Brain abscess caused by oral cavity bacteria: a nationwide, population-based cohort study

Jacob Bodilsen*, Theis Mariager, Lærke Storgaard Duerlund, Merete Storgaard, Lykke Larsen, Christian Thomas Brandt, Birgitte Rønde Hansen, Lothar Wiese, Lars Haukali Omland, Henrik Nielsen, DASGIB study group

*Kontaktforfatter

Publikation: Bidrag til tidsskriftTidsskriftartikelForskningpeer review

1 Citationer (Scopus)

Abstract

Background. Oral cavity bacteria are the most frequent etiology of brain abscess. Yet, data on the clinical presentation and outcome are scarce. Methods. We performed a nationwide, population-based study comprising all adults (aged ≥18 years) with brain abscess due to oral cavity bacteria in Denmark from 2007 through 2020. Prognostic factors for unfavorable outcome (Glasgow outcome scale, 1–4) were examined using modified Poisson regression to compute adjusted relative risks (RRs) with 95% confidence intervals (CIs). Results. Among 287 identified patients, the median age was 58 years (interquartile range, 47–66), and 96 of 287 (33%) were female. Preexisting functional impairment was absent or mild in 253 of 280 (90%), and risk factors for brain abscess included immunocompromise in 95 of 287 (33%), dental infection in 68 of 287 (24%), and ear–nose–throat infection in 33 of 287 (12%). Overall, a neurological deficit was present in 246 of 276 (86%) and in combination with headache and fever in 64 of 287 (22%). Identified microorganisms were primarily the Streptococcus anginosus group, Fusobacterium, Actinomyces, and Aggregatibacter spp., and 117 of 287 (41%) were polymicrobial. Unfavorable outcome occurred in 92 of 246 (37%) at 6 months after discharge and was associated with antibiotics before neurosurgery (RR, 3.28; 95% CI, 1.53–7.04), rupture (RR, 1.89; 95% CI, 1.34–2.65), and immunocompromise (RR, 1.80; 95% CI, 1.29–2.51), but not with specific targeted antibiotic regimens. Identified dental infection was associated with favorable prognosis (RR, 0.58; 95% CI, .36–.93). Conclusions. Brain abscess due to oral cavity bacteria often occurred in previously healthy individuals without predisposing dental infections. Important risk factors for unfavorable outcome were rupture and immunocompromise. However, outcome was not associated with specific antibiotic regimens supporting carbapenem-sparing strategies.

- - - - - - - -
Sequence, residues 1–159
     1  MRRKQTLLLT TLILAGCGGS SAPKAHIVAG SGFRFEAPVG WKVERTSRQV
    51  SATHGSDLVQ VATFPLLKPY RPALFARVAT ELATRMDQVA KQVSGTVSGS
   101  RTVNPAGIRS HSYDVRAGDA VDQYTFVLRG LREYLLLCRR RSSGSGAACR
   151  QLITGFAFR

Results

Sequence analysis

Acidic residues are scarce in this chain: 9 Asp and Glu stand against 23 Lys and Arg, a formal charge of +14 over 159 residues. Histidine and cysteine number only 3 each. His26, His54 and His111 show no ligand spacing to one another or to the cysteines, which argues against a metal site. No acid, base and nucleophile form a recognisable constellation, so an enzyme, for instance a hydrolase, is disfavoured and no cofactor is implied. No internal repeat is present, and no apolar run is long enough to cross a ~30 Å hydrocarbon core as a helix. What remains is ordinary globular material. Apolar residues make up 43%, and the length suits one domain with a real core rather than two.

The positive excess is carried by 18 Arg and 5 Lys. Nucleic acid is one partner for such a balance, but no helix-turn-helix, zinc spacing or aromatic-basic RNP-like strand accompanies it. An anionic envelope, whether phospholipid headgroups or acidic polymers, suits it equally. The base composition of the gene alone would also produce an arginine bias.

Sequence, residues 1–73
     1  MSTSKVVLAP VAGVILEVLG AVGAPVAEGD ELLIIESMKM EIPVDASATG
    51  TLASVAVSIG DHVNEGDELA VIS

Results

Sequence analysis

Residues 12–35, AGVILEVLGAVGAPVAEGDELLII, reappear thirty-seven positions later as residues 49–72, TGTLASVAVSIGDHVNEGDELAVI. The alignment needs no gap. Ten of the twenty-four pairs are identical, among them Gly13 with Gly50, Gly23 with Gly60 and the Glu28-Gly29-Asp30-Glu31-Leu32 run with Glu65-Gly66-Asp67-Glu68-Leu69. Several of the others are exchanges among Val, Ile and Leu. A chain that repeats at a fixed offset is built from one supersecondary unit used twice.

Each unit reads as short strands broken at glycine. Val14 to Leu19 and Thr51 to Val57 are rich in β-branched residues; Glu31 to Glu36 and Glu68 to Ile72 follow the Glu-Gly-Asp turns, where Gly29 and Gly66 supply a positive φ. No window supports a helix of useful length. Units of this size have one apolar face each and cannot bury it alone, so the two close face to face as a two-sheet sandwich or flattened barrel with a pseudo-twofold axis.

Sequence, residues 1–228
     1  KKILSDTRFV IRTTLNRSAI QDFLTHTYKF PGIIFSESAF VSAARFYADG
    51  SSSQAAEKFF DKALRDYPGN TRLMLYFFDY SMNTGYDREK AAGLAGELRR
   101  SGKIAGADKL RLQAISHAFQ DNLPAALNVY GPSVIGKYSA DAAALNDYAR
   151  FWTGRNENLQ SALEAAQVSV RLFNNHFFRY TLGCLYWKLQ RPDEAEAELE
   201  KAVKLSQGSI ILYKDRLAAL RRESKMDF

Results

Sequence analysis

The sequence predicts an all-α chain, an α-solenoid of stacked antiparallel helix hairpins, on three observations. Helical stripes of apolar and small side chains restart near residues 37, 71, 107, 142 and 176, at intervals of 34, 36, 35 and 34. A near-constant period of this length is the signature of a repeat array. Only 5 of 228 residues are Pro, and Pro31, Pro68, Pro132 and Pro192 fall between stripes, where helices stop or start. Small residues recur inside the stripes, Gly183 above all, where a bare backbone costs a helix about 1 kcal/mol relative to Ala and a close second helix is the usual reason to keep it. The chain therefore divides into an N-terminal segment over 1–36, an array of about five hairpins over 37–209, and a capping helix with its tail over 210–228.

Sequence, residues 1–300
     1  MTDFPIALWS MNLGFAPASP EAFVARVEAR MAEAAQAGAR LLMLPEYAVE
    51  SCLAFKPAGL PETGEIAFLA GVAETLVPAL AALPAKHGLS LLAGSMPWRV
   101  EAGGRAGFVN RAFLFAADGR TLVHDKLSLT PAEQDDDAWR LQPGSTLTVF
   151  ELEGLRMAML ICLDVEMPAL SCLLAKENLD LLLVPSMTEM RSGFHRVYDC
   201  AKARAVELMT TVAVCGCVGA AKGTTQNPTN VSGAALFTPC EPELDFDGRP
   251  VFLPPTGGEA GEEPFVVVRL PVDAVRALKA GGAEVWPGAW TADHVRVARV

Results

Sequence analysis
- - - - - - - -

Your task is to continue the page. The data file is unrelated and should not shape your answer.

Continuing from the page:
OriginalsprogEngelsk
Artikelnummerciad678
TidsskriftClinical infectious diseases : an official publication of the Infectious Diseases Society of America
Vol/bind78
Udgave nummer3
Sider (fra-til)544–553
Antal sider10
ISSN1058-4838
DOI
StatusUdgivet - 20 mar. 2024

Bibliografisk note

© The Author(s) 2023. Published by Oxford University Press on behalf of Infectious Diseases Society of America. All rights reserved. For permissions, please e-mail: journals.permissions@oup.com.

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